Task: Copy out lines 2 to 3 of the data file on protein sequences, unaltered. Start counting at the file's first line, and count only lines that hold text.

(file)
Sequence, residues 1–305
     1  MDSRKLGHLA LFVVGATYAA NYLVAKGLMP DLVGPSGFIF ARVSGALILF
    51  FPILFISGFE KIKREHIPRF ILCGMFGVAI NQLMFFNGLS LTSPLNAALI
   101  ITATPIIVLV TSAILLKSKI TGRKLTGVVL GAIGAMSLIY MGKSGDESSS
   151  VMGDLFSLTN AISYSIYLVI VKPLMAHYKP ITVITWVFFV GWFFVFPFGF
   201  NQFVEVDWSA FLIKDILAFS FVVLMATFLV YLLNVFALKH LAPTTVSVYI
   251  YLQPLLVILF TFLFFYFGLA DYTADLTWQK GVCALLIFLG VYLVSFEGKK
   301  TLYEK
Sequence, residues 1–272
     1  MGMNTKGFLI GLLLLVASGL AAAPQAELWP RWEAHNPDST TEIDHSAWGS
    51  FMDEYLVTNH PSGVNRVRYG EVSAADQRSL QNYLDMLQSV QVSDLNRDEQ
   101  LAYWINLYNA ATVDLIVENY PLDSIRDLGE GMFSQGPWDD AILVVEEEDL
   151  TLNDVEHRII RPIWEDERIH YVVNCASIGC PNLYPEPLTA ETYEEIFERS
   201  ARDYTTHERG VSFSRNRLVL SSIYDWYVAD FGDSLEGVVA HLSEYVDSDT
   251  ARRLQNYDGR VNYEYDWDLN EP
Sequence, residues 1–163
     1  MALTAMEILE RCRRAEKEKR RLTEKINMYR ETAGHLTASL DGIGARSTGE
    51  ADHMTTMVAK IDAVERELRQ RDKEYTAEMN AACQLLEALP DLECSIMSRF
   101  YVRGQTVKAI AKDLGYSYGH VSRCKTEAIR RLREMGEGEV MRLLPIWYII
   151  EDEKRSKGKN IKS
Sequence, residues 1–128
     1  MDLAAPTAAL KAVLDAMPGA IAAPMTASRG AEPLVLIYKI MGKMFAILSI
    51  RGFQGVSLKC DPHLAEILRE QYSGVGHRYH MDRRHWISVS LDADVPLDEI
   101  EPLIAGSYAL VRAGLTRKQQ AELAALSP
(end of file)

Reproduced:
     1  MDSRKLGHLA LFVVGATYAA NYLVAKGLMP DLVGPSGFIF ARVSGALILF
    51  FPILFISGFE KIKREHIPRF ILCGMFGVAI NQLMFFNGLS LTSPLNAALI